From "Greater China Data Watch" by Wang Qian, Grace Ng, J.P. Morgan economists, March 12
The February trade details suggest that, while shipments in mechanical and electrical products continued to expand solidly, exports of low-end consumer goods outperformed. Details showed that shipments to developed markets were particularly impressive. In addition, after a notable fall in January, imports of major commodities gained modestly in February but remain below December levels. Overall, further solid expansion in January-February exports suggests that China’s export activity is tracking a solid recovery trend. The latest data on the global front suggest further sturdy but more moderate manufacturing growth and are consistent with our view that the boost to GDP growth from the turn in the inventory cycle is past its peak. However, there is also evidence that the anticipated broadening in the base of economic growth is taking hold and the motion of the global economy is now firmly directed toward delivering self-sustaining growth. As such, even if the lift from the upturn in the global manufacturing inventory cycle started to moderate, the external environment for China’s export sector would remain supportive as the recovery in global demand broadens and improves.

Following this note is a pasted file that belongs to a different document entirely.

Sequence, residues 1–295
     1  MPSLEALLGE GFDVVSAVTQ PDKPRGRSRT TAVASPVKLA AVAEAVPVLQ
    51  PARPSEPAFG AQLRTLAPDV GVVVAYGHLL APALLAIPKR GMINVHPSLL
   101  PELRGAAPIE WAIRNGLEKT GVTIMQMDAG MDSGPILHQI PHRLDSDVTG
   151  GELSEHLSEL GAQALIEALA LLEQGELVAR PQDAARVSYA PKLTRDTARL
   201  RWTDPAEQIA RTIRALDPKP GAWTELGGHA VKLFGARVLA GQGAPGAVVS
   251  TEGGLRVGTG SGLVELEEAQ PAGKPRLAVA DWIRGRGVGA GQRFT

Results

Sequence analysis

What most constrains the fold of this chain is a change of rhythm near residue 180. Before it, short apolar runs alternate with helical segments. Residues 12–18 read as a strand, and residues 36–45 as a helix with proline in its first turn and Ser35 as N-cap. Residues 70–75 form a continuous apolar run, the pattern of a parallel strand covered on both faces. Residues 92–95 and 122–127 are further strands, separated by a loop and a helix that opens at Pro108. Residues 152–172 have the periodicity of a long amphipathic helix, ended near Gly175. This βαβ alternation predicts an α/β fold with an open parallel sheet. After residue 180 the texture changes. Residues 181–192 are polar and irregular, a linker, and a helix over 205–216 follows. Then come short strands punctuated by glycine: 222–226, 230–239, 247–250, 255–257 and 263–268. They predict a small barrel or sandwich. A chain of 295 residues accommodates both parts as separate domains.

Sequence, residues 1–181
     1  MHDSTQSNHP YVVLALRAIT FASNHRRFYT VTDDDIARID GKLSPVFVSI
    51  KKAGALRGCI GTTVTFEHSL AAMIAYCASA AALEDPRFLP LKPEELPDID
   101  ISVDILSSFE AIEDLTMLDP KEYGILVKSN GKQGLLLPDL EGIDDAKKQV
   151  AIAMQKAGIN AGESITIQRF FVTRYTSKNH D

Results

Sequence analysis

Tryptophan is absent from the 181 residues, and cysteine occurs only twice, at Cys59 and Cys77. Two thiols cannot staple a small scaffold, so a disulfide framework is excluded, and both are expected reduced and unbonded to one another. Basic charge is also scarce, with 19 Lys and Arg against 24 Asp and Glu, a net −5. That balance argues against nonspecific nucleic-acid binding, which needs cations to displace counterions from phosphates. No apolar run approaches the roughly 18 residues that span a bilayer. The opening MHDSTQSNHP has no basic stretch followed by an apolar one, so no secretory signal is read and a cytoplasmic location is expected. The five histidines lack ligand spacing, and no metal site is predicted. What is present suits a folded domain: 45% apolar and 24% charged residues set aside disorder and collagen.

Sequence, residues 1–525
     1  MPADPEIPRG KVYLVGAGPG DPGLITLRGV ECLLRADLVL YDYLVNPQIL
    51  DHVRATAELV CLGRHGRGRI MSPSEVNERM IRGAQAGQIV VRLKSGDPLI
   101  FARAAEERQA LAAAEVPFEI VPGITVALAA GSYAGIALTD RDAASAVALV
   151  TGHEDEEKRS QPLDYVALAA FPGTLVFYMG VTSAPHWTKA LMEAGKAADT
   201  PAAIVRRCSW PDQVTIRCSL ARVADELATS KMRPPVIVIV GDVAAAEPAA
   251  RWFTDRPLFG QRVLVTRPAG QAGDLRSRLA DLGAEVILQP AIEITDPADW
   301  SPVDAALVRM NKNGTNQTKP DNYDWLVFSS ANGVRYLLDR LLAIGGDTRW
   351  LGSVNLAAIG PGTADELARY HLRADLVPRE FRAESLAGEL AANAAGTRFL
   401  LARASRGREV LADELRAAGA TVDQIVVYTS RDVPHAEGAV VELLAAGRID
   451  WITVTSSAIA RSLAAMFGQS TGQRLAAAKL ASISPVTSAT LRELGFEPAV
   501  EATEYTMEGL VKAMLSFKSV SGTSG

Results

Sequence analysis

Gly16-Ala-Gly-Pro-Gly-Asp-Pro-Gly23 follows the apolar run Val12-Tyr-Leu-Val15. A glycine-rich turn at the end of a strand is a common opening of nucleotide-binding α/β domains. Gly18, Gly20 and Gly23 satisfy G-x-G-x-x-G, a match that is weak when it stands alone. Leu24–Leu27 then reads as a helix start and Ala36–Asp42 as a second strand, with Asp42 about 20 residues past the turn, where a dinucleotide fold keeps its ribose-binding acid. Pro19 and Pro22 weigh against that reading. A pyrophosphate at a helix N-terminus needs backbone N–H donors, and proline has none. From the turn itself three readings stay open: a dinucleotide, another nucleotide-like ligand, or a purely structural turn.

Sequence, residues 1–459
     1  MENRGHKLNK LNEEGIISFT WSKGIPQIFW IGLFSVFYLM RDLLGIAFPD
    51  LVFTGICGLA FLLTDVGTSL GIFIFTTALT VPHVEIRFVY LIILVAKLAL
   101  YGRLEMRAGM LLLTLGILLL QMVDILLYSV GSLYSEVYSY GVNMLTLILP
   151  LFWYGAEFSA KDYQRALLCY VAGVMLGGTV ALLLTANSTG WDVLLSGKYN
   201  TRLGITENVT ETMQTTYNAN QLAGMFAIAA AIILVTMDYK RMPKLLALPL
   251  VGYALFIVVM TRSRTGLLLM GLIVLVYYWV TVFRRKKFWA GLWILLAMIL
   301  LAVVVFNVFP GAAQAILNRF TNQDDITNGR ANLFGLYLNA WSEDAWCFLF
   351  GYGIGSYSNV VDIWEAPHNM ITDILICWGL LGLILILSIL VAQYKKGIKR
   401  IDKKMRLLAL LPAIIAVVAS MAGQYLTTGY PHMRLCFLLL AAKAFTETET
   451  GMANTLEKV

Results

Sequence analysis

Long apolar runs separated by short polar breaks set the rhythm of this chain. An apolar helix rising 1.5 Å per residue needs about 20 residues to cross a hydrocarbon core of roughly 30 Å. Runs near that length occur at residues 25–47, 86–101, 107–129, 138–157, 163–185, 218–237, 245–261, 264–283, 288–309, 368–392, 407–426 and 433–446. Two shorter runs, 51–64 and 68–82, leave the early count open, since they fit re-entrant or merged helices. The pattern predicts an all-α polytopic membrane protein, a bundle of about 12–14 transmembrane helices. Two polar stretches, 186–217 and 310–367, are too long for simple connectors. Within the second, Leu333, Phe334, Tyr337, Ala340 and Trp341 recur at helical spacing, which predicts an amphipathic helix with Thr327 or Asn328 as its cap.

From "China Banks: Bills – the shift from mix to yield" by Sarah Wu, Nick Lord and Rachel Li, Macquarie analysts, March 15
We believe the 2009 surge in off-balance sheet commercial bills is unlikely to be repeated. We expect off-balance sheet commercial bills issuance volume to fall y/y back to a more normalized level, as the smaller banks become less inclined to chase this business given potential capital constraints. We assume issuance of off balance commercial bills to decline by 8% y/y, to around RMB9.5 trillion in 2010, compared to RMB10.3 trillion in 2009. As a result, we also expect to see a modest fall in the deposits generated by these activities. If we assume guarantee deposits represented between 20-25% of corporate deposits, then this could cost around 2% on corporate deposit growth in 2010. Interestingly the February 2010 monetary data showed a net outflow of corporate deposits for the first time since January 2009 … We believe discounted bills balances will continue to fall into 2Q10 and rebound slightly into the 2H10, given the combination of falling gross off balance sheet issuance and lower demand for discounting of bills. However we believe most of the positive loan mix impact on margins is done. We expect discounted bills as % total loans to remain broadly stable in 2010.